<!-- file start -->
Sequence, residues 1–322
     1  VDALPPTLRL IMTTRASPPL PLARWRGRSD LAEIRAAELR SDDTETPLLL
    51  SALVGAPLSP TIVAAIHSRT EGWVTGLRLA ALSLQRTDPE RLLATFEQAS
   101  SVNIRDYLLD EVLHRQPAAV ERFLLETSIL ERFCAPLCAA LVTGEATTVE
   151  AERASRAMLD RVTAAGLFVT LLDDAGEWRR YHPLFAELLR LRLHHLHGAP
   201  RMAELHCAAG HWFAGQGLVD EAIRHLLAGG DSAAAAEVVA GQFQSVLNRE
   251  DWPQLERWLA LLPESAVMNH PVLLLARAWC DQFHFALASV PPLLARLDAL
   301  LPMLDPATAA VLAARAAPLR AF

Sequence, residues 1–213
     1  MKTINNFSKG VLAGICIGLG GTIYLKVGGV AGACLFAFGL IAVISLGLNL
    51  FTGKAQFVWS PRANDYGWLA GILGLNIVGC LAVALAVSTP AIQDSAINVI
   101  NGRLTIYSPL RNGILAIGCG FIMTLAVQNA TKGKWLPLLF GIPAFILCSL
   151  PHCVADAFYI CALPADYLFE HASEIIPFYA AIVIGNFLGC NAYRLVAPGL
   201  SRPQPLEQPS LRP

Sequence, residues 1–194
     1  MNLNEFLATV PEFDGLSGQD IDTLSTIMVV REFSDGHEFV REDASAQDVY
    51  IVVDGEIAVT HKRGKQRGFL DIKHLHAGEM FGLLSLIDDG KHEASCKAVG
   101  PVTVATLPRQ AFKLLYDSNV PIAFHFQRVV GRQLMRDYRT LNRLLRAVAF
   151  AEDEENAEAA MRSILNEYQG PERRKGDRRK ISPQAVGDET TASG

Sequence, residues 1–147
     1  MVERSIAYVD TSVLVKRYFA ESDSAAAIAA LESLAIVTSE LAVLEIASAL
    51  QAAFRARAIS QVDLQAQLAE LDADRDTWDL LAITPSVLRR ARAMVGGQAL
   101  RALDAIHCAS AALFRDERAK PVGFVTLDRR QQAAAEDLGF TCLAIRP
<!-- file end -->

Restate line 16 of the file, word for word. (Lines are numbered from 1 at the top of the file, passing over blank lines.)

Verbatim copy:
     1  MNLNEFLATV PEFDGLSGQD IDTLSTIMVV REFSDGHEFV REDASAQDVY